History of Independece Day
Independence Day commemorates the signing of the Declaration of Independence on July 4, 1776. This document, signed by the Continental Congress, in Philadelphia, Pennsylvania, asserted the independence of the 13 colonies, from the mother country of England. The Continental Congress, formed in 1774, consisted of delegates from each of the thirteen colonies and was formed as a result of unrest in the colonies concerning the taxes required to be paid to England though the colonies had no representation there. One incident that contributed to the unrest was the levying of tax on tea sold in the colonies in 1767. Led by Samuel Adams, Bostonians dressed as Indians and dumped tea from a ship into the Massachusetts Bay. This act is remembered as the “Boston Tea Party.” The colonists began stoning British soldiers who fired into the crowd. Some of the citizens were killed and this incident was referred to as a “massacre.”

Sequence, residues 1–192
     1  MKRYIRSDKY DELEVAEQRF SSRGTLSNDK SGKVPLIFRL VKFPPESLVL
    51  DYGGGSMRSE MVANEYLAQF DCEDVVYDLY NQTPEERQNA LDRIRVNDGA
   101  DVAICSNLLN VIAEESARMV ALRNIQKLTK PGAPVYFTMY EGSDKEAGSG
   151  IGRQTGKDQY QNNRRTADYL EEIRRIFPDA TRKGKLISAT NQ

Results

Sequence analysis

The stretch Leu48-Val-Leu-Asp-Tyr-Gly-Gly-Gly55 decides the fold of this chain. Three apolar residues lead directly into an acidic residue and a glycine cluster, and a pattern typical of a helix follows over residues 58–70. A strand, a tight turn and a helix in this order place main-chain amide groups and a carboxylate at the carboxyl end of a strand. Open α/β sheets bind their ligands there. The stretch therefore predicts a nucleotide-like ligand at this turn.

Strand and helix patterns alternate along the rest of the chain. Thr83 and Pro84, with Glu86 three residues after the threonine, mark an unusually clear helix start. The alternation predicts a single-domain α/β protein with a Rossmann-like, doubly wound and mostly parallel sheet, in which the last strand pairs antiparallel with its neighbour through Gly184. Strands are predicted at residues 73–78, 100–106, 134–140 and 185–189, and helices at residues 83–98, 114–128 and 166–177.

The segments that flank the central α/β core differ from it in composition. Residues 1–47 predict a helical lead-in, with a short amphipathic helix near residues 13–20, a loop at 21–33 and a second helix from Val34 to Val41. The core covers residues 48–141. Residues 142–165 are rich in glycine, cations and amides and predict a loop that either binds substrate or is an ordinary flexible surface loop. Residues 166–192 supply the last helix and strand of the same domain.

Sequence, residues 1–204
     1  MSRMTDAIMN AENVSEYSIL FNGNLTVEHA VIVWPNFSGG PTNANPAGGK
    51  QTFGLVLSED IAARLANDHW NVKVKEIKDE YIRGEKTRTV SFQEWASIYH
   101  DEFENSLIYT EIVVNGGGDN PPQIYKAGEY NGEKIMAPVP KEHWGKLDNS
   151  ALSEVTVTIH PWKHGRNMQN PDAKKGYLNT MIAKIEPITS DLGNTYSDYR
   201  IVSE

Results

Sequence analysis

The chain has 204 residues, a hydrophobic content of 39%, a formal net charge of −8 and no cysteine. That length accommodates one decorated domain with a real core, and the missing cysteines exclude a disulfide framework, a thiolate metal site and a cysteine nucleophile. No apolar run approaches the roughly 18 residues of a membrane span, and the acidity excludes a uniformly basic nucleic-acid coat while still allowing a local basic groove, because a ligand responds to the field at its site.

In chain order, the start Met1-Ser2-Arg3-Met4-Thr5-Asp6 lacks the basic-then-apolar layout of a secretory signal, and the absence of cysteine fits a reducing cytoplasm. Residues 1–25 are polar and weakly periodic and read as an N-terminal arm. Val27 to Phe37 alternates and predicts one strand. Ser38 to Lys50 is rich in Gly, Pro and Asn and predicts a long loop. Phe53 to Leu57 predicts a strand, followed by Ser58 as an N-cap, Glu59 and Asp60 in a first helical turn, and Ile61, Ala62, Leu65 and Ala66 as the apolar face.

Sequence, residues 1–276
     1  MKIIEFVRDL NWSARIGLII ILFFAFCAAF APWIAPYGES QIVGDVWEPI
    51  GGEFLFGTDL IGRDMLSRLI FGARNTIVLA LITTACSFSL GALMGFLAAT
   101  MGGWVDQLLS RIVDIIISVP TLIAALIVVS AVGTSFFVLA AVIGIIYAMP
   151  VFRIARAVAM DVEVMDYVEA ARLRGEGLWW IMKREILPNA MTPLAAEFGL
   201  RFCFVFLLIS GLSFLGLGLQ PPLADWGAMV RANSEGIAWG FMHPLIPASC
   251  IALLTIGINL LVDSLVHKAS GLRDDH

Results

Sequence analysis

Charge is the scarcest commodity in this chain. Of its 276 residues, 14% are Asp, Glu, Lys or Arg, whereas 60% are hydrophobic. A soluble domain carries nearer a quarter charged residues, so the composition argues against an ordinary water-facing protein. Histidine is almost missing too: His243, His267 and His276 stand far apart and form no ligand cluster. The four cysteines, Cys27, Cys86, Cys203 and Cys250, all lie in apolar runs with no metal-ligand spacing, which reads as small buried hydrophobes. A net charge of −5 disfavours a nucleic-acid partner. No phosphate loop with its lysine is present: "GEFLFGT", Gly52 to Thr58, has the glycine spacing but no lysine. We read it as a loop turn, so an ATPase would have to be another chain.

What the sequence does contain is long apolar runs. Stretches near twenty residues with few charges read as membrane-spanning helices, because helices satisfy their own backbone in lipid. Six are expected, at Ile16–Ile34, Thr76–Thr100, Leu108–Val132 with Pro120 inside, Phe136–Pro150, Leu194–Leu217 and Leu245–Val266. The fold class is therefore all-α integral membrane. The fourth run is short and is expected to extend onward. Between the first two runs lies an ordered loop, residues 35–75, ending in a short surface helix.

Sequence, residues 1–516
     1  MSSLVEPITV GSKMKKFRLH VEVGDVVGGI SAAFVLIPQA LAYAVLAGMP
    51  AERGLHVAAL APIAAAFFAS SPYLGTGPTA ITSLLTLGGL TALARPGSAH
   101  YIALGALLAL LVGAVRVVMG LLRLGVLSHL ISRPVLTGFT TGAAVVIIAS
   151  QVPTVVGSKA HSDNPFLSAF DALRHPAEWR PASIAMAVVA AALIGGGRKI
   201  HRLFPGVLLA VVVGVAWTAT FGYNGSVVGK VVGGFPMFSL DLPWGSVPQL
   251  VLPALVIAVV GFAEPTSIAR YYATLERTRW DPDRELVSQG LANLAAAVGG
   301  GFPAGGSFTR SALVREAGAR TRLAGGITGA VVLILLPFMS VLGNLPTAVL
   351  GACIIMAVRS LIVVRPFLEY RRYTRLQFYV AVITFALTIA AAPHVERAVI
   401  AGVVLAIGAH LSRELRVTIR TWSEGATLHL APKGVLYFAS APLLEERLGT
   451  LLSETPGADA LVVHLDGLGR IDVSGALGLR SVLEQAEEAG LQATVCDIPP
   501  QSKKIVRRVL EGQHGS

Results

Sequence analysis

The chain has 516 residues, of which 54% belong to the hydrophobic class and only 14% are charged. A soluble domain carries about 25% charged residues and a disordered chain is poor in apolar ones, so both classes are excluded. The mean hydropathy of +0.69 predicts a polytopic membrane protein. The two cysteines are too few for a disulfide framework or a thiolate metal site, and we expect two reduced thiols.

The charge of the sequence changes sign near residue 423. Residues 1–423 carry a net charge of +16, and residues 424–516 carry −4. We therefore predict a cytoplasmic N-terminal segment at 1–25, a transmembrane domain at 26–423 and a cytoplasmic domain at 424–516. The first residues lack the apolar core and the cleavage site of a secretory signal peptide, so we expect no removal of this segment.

As the unrest grew England's King George III sent extra troops to the colonies to better control the citizens. In April 1775 English troops advanced on Concord Massachusetts. Paul Revere rode through the town shouting, "The British are coming, the British are coming.” The battle of Concord marked the beginning of the colonies war for Independence. The congress tried to work out its differences with England but when nothing was resolved by June of 1776, the congress, headed by Thomas Jefferson, met to write and sign the declaration. John Hancock was the first to sign the document. At the first public reading of the Declaration in Independence Square in Philadelphia, the people cheered, the church bells rang, and the bell in Independence Hall rang. This bell was later inscribed with the words, Proclaim Liberty Throughout All the Land Unto All the Inhabitants Thereof and was named the “Liberty Bell.” The first Independence Day celebration was held in 1777.
Sun, 05 Jul 2009 16:56:41 +0000
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